Among the largest U.S. counties, 253 had average weekly wages below the national average in the first quarter of 2016. Horry, S.C. ($587), had the lowest wage, followed by the counties of Cameron, Texas ($592); Hidalgo, Texas ($614); Webb, Texas ($650); and Lake, Fl. ($653).

Average weekly wages in Kentucky’s smaller counties

Among the 117 counties in Kentucky with employment below 75,000, Hancock ($1,267) and Carroll ($1,051) were the only two to report an average weekly wage above the national average of $1,043. Robertson County reported the lowest wage in the state, averaging $488 in the first quarter of 2016. (See table 2.)

When all 120 counties in Kentucky were considered, 38 reported average weekly wages below $600, 43 reported average weekly wages from $600 to $699, 25 had wages from $700 to $799, 8 had wages from $800 to $899, and 6 had wages above $900. (See chart 1.)

Additional statistics and other information

QCEW data for states have been included in this release in table 3. For additional information about quarterly employment and wages data, please read the Technical Note or visit www.bls.gov/cew.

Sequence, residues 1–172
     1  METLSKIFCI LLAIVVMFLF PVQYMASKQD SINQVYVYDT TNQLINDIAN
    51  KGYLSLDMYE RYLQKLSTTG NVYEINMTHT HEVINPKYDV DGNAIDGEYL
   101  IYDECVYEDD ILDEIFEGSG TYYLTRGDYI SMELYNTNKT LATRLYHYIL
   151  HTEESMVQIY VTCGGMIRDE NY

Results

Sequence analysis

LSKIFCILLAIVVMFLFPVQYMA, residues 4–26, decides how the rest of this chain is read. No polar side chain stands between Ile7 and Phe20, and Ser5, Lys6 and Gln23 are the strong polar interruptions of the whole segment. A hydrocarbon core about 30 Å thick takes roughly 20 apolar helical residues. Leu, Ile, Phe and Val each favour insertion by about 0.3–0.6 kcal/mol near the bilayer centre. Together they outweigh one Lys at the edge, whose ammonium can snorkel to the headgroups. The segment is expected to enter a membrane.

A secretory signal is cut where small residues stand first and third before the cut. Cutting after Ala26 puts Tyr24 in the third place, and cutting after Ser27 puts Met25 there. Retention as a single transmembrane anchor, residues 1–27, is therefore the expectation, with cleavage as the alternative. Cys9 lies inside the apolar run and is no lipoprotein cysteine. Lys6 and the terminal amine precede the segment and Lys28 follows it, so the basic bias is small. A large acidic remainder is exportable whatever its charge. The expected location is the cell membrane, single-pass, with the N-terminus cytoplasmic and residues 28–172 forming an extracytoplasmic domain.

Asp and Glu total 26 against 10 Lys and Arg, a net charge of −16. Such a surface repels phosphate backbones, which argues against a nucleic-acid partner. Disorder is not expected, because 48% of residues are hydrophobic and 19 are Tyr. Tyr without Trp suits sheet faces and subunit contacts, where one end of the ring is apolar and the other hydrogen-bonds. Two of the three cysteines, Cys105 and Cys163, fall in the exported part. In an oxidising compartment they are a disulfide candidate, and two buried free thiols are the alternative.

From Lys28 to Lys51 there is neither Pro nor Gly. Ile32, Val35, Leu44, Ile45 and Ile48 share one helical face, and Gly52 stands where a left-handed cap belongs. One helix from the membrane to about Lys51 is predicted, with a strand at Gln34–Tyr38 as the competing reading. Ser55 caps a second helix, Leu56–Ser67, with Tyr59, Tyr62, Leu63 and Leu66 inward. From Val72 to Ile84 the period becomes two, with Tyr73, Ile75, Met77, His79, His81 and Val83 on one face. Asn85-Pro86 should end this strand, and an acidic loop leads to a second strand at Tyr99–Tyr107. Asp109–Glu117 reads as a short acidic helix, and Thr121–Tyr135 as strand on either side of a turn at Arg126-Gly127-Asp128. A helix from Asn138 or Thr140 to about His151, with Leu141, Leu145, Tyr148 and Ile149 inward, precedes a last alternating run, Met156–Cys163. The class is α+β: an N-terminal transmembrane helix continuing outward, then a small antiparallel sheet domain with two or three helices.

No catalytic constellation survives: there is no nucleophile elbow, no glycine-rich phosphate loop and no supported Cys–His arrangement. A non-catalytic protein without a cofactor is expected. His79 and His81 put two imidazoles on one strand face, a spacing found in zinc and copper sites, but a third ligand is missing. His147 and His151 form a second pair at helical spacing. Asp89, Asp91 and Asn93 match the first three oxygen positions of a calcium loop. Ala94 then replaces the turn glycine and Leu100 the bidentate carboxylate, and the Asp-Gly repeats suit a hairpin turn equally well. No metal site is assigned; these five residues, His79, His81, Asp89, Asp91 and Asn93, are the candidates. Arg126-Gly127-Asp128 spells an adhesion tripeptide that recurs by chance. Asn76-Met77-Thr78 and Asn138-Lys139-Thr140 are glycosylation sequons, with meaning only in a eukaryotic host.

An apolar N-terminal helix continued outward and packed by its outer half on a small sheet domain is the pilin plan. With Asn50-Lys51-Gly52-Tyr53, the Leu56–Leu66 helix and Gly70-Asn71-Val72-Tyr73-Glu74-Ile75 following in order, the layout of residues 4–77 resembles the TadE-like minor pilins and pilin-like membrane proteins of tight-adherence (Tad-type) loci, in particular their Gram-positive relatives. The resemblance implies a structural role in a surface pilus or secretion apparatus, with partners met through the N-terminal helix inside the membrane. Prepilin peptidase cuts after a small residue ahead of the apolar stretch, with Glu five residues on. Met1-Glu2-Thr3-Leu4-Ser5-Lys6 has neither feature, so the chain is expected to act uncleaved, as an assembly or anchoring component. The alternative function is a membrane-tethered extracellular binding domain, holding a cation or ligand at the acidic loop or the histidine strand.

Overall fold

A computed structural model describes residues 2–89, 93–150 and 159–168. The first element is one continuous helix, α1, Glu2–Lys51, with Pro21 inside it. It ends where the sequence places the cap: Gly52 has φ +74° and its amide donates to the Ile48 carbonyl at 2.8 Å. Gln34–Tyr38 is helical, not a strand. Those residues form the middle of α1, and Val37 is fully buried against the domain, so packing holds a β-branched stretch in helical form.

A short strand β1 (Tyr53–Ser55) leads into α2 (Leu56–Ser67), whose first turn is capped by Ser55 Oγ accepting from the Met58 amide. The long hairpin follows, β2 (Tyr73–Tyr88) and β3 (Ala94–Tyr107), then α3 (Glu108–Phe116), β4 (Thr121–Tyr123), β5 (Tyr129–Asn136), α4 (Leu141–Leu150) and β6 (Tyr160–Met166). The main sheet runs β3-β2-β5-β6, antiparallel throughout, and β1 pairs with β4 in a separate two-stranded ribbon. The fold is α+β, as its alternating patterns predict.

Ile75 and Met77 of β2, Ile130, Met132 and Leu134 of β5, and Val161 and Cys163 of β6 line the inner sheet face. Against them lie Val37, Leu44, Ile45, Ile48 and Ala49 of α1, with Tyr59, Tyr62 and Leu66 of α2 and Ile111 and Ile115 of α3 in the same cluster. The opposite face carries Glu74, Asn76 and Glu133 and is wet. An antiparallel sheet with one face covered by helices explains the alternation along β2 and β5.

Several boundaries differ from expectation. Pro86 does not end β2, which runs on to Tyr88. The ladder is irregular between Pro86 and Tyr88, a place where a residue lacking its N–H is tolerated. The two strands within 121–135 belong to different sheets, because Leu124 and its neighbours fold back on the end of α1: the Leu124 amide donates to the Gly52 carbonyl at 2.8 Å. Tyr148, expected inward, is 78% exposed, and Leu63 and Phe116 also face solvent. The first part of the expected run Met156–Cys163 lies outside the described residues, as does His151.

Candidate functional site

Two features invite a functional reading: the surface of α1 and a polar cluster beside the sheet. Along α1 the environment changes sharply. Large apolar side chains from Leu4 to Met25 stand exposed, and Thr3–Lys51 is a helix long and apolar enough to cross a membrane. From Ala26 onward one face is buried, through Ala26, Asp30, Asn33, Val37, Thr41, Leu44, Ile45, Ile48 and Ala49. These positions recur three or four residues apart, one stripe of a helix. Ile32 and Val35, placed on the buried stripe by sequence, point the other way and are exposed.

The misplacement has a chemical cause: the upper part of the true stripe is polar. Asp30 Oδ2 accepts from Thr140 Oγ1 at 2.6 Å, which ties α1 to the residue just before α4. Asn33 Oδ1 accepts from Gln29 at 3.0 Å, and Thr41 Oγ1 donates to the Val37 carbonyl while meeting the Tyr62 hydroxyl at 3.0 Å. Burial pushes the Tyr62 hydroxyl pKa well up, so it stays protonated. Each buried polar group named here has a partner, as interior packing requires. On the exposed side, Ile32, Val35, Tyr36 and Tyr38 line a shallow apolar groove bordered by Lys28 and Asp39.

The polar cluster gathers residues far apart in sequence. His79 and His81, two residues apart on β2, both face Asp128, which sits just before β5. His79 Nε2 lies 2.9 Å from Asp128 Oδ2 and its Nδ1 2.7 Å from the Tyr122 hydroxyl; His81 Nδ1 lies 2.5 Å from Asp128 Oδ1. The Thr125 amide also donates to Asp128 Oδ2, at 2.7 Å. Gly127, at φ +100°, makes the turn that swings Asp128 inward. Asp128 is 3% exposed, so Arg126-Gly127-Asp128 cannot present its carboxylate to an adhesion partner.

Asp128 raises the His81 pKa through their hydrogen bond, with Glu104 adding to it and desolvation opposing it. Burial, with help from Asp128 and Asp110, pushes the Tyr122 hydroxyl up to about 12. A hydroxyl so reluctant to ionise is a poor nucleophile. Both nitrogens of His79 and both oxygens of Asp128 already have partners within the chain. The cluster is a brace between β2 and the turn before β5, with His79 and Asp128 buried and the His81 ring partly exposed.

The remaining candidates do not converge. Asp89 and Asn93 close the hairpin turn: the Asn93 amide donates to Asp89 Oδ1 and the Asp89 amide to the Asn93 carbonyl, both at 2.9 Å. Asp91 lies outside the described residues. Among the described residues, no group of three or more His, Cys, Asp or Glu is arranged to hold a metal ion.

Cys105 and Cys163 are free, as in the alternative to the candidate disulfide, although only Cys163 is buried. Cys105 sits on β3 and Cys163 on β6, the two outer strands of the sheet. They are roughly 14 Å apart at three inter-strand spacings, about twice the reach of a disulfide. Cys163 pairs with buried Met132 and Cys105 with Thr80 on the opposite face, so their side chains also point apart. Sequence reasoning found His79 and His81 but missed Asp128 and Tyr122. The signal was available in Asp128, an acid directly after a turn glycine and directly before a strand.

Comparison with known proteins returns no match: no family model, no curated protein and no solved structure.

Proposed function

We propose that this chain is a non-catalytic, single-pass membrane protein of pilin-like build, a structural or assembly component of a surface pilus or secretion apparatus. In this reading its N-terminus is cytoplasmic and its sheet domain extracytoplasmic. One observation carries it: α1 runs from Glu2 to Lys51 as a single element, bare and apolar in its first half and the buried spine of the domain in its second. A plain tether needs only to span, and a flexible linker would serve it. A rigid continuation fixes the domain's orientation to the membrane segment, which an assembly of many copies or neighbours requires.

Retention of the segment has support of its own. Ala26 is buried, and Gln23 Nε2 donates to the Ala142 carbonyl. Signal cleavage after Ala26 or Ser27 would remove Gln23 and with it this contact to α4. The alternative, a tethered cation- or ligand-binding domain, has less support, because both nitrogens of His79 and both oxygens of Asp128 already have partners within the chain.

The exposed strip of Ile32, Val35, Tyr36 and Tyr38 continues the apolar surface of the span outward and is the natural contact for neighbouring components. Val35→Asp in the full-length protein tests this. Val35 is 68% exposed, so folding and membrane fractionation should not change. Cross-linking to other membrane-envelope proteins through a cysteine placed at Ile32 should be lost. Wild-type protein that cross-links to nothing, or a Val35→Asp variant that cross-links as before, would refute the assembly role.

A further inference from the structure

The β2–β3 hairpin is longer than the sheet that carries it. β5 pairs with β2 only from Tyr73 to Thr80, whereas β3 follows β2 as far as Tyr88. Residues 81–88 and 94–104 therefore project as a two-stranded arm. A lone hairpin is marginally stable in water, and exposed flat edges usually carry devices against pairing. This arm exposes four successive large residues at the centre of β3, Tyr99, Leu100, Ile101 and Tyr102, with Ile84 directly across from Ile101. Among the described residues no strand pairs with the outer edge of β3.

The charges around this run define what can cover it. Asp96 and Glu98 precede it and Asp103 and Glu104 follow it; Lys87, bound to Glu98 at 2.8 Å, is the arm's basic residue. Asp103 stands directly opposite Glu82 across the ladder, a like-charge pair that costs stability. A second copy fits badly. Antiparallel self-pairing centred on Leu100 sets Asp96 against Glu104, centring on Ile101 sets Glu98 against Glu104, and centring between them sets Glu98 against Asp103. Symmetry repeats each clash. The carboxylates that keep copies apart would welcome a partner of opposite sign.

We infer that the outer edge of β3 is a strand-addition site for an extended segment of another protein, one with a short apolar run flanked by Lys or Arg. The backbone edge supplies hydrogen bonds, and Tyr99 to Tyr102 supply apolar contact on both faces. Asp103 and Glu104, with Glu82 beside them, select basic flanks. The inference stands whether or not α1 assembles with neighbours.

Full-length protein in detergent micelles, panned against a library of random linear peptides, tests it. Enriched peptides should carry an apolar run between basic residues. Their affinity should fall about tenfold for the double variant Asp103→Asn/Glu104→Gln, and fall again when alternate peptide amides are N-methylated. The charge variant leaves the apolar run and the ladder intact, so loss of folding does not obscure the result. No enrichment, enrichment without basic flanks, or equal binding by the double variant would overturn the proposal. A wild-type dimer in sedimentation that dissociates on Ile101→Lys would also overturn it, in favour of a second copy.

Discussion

Employment and Wages Annual Averages Online features comprehensive information by detailed industry on establishments, employment, and wages for the nation and all states. The 2014 edition of this publication contains selected data produced by Business Employment Dynamics (BED) on job gains and losses, as well as selected data from the first quarter 2015 version of the national news release. Tables and additional content from Employment and Wages Annual Averages 2014 are now available online at http://www.bls.gov/cew/cewbultn14.htm. The 2015 edition of Employment and Wages Annual Averages Online will be available in September 2016.

The County Employment and Wages release for 2nd quarter 2015 is scheduled to be released on Thursday, December 7, 2016.


Technical Note